imageteam - Fotolia
Edge data storage backup has always presented a challenge to organizations. However, interest in the process has skyrocketed during the coronavirus pandemic because so many users now work remotely.
Edge storage has evolved considerably over the years and encompasses many things -- from data stored on IoT devices to data residing in NAS appliances. This year, organizations have focused mainly on data stored on users' remote devices, such as laptops and tablets.
The biggest challenge associated with backing up these types of devices is that they connect to the corporate network on an intermittent basis. If a user never signs in through a VPN, then there is no direct connectivity between the device and the corporate office, which means that simply installing a backup agent on the device doesn't work.
Edge data storage backup guidelines
To keep edge data safe, first have users save data to a specific location. That way, file sync-and-share software can copy whatever happens to be in that location. Depending on the device type and the software running on the device, you can do this in one of several ways. For example, you can change the default save path within a user's applications. If users work from Windows devices, use the local security policy, which you access through the Group Policy Editor, to force a default path.
You should also install the aforementioned enterprise file sync-and-share software onto end-user devices. If your organization uses mobile device management software, you can push this to the devices automatically, even with users working remotely. Once this software is installed, you should configure it to synchronize the location to which users save their data.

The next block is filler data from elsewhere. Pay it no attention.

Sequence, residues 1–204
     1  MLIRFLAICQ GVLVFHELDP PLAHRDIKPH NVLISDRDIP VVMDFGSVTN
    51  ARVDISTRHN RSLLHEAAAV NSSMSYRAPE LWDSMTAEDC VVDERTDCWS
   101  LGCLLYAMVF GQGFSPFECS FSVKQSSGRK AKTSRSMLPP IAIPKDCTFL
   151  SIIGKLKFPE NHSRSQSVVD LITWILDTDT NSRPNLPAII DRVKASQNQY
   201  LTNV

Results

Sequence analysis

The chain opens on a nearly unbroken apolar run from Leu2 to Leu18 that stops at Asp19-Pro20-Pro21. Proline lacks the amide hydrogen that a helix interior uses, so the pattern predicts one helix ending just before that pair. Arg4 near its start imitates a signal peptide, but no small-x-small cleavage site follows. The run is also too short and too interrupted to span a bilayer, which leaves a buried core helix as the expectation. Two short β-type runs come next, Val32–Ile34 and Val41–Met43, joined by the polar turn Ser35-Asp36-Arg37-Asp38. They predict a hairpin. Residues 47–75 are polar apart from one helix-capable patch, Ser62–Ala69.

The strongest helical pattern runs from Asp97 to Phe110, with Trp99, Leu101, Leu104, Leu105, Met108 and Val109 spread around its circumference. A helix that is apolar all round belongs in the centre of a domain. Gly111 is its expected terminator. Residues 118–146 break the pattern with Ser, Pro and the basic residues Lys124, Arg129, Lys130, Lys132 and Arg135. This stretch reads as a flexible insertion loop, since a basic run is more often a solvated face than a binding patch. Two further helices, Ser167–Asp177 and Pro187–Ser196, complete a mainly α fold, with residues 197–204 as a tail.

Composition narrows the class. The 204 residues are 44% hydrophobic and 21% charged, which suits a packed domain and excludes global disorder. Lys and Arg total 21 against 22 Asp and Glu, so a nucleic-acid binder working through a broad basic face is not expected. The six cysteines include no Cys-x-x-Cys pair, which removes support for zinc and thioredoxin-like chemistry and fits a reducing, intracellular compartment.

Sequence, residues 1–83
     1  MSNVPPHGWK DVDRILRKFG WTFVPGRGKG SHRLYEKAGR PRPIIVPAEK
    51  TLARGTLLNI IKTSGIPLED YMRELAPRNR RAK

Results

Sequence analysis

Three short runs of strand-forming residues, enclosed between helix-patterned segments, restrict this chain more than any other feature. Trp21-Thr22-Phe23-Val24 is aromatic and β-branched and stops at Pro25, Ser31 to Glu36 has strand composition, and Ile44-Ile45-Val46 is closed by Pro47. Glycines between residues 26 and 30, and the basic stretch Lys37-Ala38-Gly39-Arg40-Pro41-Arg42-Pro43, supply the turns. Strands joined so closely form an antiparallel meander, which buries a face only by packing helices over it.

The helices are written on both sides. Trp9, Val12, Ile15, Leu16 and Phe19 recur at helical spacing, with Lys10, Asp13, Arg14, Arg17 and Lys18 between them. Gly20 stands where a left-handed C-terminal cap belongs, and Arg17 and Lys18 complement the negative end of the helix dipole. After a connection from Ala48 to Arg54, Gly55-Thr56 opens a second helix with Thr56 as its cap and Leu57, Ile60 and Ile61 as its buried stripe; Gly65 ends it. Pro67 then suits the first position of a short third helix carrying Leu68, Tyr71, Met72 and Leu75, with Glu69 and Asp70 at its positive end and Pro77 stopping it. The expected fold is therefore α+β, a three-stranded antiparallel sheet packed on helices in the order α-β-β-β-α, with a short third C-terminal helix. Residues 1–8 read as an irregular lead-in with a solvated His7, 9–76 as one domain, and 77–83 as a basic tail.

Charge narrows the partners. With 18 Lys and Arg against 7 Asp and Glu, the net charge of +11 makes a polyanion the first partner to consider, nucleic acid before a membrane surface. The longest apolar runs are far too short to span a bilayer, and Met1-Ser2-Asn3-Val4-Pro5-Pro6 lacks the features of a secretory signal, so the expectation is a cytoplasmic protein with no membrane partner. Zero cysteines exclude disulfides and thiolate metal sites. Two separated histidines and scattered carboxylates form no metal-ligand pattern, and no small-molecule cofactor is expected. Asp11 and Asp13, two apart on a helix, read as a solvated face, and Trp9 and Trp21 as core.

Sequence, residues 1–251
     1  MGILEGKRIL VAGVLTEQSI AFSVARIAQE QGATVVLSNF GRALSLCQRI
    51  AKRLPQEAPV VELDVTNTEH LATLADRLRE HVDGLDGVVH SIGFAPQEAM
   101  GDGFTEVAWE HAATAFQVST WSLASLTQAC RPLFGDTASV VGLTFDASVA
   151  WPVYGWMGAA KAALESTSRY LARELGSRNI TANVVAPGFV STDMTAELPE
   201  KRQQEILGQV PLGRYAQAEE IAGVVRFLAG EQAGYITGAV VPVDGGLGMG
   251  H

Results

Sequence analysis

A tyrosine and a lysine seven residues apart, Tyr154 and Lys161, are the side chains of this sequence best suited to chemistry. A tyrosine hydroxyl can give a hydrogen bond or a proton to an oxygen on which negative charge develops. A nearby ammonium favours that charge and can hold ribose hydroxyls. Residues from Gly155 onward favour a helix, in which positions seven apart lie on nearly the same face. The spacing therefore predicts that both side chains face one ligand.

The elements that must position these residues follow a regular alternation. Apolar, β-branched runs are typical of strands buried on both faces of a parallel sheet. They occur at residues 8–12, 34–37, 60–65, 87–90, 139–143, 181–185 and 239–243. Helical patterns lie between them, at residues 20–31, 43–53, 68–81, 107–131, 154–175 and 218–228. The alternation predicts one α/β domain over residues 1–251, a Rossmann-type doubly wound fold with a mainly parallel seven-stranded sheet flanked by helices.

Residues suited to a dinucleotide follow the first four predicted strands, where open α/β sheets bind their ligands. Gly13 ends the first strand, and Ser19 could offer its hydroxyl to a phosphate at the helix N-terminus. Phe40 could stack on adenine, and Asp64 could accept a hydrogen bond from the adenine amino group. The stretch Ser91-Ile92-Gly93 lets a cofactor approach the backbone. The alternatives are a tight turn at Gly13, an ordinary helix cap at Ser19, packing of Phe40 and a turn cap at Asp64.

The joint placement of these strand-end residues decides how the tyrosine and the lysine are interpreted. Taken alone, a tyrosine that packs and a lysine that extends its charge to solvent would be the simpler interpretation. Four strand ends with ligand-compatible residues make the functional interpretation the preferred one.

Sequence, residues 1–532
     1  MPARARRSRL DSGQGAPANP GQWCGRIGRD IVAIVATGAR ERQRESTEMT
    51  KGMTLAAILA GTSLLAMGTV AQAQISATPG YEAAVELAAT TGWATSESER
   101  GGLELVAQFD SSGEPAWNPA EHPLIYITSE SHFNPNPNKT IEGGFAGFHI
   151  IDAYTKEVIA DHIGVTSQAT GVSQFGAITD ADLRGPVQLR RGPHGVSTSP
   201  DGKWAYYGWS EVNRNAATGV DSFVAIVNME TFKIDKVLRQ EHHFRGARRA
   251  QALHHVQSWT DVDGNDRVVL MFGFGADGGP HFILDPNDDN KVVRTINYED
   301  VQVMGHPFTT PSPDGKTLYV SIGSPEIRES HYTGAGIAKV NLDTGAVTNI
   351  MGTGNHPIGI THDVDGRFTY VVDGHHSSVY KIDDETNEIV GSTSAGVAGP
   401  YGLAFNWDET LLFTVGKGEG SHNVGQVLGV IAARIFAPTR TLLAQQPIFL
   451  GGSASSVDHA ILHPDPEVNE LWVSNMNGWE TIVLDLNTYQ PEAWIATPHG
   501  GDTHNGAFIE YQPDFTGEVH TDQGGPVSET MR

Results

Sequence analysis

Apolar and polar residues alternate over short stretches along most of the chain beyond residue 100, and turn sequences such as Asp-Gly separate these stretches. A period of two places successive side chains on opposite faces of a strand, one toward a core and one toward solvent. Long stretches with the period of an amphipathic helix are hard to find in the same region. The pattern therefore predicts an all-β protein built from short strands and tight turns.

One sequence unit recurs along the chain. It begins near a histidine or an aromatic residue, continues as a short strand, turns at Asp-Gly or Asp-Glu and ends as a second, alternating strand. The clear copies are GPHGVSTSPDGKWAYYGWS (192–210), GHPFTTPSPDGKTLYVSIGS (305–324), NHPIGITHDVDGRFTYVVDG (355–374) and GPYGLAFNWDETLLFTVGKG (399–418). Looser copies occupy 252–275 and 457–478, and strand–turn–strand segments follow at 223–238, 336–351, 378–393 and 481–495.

A user usually doesn't have to log into the corporate network for the synchronization to occur. Normally, synchronization takes place any time the user is connected to the internet.
Keep in mind that file synchronization is not the same thing as edge data storage backup. However, if you can synchronize data from end-user devices to a share on your network, then you can back up the contents of that share, thereby, backing up the user's data.
Dig Deeper on Remote data protection
Related Q&A from Brien Posey
Organizational resilience encompasses everything a company needs to run in times of crisis. These examples show how businesses handle tough ... Continue Reading
There are several different methods to cloud storage encryption. These best practices for encryption can help improve security of important cloud ... Continue Reading
While only a small number of hardware vendors offer DPUs, the technology has significant implications for IT storage systems -- and the admins who ... Continue Reading